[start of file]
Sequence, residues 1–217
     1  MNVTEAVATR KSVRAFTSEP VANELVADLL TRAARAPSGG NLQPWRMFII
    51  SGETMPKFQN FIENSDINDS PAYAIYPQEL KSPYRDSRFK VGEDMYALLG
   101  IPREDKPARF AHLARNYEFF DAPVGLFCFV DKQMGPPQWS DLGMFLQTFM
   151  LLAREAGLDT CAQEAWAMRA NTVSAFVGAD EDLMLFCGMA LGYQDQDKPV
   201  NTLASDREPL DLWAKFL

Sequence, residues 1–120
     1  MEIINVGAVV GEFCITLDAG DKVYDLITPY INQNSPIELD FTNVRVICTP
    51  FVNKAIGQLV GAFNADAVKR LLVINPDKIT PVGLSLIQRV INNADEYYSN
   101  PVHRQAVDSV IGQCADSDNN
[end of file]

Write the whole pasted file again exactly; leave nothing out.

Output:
Sequence, residues 1–217
     1  MNVTEAVATR KSVRAFTSEP VANELVADLL TRAARAPSGG NLQPWRMFII
    51  SGETMPKFQN FIENSDINDS PAYAIYPQEL KSPYRDSRFK VGEDMYALLG
   101  IPREDKPARF AHLARNYEFF DAPVGLFCFV DKQMGPPQWS DLGMFLQTFM
   151  LLAREAGLDT CAQEAWAMRA NTVSAFVGAD EDLMLFCGMA LGYQDQDKPV
   201  NTLASDREPL DLWAKFL

Sequence, residues 1–120
     1  MEIINVGAVV GEFCITLDAG DKVYDLITPY INQNSPIELD FTNVRVICTP
    51  FVNKAIGQLV GAFNADAVKR LLVINPDKIT PVGLSLIQRV INNADEYYSN
   101  PVHRQAVDSV IGQCADSDNN